3 Statistical analysis

Mean and standard deviations (SDs) of the three RRT metrics during a 9-month follow-up were calculated for each patient. In patients who experienced a HF event (HFE group), this calculation excluded data from 30 days prior to the event to 14 days after the event. In patients who completed the study without a HF event (nHFE group), all data were used. Student’s t test was used to compare the two groups.

We also retrospectively evaluated changes in RRT (ΔmaxRR, ΔmedRR, ΔminRR) during the 4-week period before the HF event in HFE group. For this analysis, a 5-day moving average filter was applied to each trend parameter. One-tailed Student’s t test was used to evaluate if values at 3 weeks, 2 weeks, 1 weeks and 1-day before HF events were significantly elevated compared to the baseline defined as 4 weeks prior to a HF event. Events with less than 28 days of pre-event data were excluded from the analysis. A p value <0.025 was regarded statistically significant.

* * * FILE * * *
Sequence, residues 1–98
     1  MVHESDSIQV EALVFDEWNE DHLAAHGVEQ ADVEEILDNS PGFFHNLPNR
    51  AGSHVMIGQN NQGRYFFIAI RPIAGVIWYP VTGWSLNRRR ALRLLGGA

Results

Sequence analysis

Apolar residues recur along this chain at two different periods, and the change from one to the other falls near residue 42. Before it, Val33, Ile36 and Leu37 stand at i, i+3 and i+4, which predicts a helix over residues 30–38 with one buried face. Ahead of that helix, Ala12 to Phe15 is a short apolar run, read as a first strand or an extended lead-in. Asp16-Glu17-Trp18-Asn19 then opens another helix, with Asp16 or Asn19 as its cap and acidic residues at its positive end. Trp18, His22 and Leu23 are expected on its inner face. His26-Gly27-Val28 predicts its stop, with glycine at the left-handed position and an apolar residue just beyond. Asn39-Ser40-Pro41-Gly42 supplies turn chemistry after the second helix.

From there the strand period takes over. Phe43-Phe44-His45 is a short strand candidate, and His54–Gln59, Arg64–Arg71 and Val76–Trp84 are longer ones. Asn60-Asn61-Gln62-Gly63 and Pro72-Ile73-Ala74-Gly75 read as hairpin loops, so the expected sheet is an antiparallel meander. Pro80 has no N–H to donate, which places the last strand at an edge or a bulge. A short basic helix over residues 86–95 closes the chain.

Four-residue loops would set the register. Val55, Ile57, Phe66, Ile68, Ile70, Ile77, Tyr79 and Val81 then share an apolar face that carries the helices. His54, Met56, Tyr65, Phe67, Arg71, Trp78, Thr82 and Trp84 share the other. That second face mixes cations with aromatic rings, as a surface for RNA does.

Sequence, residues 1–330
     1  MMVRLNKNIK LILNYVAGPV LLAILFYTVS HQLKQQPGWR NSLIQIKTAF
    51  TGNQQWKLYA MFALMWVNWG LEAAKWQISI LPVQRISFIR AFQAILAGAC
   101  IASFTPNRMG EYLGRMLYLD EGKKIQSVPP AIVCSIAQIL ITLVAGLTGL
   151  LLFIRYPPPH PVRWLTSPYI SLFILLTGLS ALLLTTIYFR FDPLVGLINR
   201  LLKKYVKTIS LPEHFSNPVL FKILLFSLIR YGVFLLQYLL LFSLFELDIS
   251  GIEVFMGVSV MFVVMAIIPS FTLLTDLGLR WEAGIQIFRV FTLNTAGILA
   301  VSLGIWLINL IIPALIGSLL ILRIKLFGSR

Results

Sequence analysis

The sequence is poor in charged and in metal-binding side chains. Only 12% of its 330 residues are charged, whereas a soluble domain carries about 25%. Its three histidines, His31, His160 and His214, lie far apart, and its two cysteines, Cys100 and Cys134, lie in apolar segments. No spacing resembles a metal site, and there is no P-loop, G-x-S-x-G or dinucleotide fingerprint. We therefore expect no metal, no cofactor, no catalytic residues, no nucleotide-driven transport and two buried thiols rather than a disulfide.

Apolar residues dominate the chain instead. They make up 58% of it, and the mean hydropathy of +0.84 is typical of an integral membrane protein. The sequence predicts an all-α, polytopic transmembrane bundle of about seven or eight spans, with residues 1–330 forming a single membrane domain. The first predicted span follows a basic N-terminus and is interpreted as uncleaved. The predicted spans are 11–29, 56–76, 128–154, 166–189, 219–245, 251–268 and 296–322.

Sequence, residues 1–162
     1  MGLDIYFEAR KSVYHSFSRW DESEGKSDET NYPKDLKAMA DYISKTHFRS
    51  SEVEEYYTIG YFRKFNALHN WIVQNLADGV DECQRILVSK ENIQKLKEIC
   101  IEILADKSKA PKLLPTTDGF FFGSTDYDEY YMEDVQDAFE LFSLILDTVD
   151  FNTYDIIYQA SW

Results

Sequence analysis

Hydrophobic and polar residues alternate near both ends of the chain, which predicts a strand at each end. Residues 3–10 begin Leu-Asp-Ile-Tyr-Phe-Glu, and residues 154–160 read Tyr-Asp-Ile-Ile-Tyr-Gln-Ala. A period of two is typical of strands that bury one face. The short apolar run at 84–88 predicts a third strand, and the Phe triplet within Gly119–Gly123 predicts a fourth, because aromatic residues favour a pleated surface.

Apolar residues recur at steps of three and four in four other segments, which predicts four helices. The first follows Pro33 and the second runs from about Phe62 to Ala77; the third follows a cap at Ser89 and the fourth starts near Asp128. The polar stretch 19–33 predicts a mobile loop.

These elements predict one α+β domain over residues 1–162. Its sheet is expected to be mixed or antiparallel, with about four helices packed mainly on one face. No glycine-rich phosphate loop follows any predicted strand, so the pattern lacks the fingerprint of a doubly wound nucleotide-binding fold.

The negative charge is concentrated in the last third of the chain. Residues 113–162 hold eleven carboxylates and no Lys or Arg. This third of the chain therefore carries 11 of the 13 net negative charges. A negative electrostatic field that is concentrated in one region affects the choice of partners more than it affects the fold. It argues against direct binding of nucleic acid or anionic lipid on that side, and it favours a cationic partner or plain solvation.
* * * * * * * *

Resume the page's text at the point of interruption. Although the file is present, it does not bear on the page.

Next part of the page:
We further evaluated the potential of using RRT to assess the 30-day risk of experiencing worsening HF. Data were divided into sequential 30-day periods beginning at enrollment. Six risk indices were calculated for each 30-day period (evaluation window) and compared to a threshold to determine if the patient was at low or high risk for HF events in the next 30-day period (observation window). An empirical threshold was chosen to maximize the separation between two groups. The incidence of HF events in each observation window was calculated in low- and high-risk groups and compared using a negative binomial test (Fig. 1). A proportional means model was used to quantify the association between each monthly HF event risk and the percentage of event-free patients observed within the corresponding observation window. Repeated measurements within patient are accounted using the proportional means model with sandwich covariance estimation [13]. To calculate the event-free period, only the first HF event in each observation window was included. Hazard ratios (HRs), 95 % confidence intervals (CIs) and p values were reported using the proportional means model in both contexts before and after adjusting for clinical variables that differed at enrollment.